But there are things those of the liberal moral viewpoint can’t discuss, heresies, and things that if discussed result in someone being ostracized, shunning. I have seen liberals refuse to read a book and trying to make sure others didn’t, using language that brought to mind the idea that they might be contaminated by the idea. It seems to me these things should, functionally, be part of the Sanctity foundation, even if what is considered sacred is so very different. The Righteous Mind mentions purity issues around food and “cleanses,” as well as nature sanctification, that some of the liberal moral viewpoint engage, as qualifying as a “thin” application by liberals of Sanctity foundation within this theory. If there is secular and theistic religion, why isn’t there equivalent secular and theistic Sanctity?
I think the disgust mechanism is ideal for setting boundaries around Sanctity as a moral foundation. Elsewhere, Haidt, Rozen and MacCauley have done a thorough job defending sociomoral disgust as “real” disgust, and equating disgust with “the emotion elicited by violations of the ethics of divinity, the guardian of the sanctity of the soul as well as purity of the body.” Poetical and seeming to make my argument for me, but not. It is pretty clear Haidt does not see the disgust liberals experience as invoking the Sanctity foundation. Liberals get a pass on the moral foundations of Sanctity, Loyalty and Authority. Only the fuddy-duddy conservatives play in those tainted pool.
This delineation contributes to a concept that seems to be spreading that those who hold the liberal moral viewpoint are actually more genetically evolved, and hence superior, to those who hold the conservative moral viewpoint. For William Saletan’s review of The Righteous Mind, he closes with: “Our taste for sanctity or authority, like our taste for sugar, could turn out to be a dangerous relic. But Haidt is right that we must learn what we have been, even if our nature is to transcend it.” Perhaps I am paranoid, but I can’t help seeing that, since liberals are seemingly free of a taste for sanctity or authority, then conservatives and conservatism are the “dangerous relic” and a moral viewpoint that must be transcended. I can easily see liberals holding that belief. It would suit their heroic ideal of progressivism perfectly. Unfortunately, what I think Haidt is tryingto argue in his book is that liberals are the yin to conservatives’ yang. Saletan doesn’t seem to get there.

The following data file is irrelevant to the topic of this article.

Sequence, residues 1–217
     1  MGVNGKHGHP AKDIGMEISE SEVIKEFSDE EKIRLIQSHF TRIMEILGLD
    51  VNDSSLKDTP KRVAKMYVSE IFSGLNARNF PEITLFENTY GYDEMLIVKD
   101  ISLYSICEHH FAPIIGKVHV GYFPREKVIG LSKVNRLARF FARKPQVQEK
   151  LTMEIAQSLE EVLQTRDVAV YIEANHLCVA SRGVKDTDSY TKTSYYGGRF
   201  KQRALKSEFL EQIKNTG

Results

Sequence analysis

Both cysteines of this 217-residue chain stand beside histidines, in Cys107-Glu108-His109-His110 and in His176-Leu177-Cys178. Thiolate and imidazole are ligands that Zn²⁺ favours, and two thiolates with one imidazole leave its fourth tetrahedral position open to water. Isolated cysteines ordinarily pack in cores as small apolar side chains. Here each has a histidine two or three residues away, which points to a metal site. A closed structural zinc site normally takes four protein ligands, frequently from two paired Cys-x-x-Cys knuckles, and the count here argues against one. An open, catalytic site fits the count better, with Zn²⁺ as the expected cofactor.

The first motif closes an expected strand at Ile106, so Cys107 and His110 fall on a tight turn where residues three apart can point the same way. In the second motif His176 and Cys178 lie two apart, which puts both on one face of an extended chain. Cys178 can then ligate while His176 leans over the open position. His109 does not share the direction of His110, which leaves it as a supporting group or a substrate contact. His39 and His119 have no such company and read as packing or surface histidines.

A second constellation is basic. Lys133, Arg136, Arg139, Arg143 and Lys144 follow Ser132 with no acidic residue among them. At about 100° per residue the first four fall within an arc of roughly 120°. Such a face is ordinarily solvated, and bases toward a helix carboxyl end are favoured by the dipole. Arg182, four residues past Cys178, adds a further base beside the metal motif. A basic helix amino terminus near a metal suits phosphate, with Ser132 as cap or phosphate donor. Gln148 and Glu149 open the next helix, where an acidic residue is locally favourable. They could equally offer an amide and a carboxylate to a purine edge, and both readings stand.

Similarly, some members of the press (with more than a little schadenfreude) continue to report that conservatives experience more disgust, and bemoan the impossibilities of them negotiating with the liberals they find so disgusting. It is a grave error to exclude sociomoral disgust from discussions of disgust. It leaves the layperson with the impression that conservatives experience disgust and liberals do not, when what conservatives experience is more core disgust (as Haidt, Rozin and MacCauley term it), but both conservatives and liberals have plenty of moral disgust. But it is also old news.
“People who are sensitive to one type of disgust are not necessarily sensitive to another,” he said. For example, he [Joshua Tybur of VU University in Amsterdam] said, earlier claims that political conservatives (self-identified) were more sensitive than liberals to disgust were overly general. Research that he and his colleagues did suggested that conservatives were more disgusted by sexual topics, but were similar to liberals in the domains of disease avoidance and moral judgment. (‘Survival’s Ick Factor,’ James Gorman, New York Times, 1/23/2012)
Distinctions like negative and positive liberty, fairness as proportionality versus equality, and other adjustments that have developed Moral Foundation Theory, are important in accurately describing the differing moral viewpoints. I think there are such distinctions to be discovered in the Sanctity, Loyalty and Authority Foundations, once they are looked at a little differently.
And in the end, it seems to me, much of the culture wars come down to concern about who is going to be shunned (or who is disgusting) and everyone trying to make sure it is not them.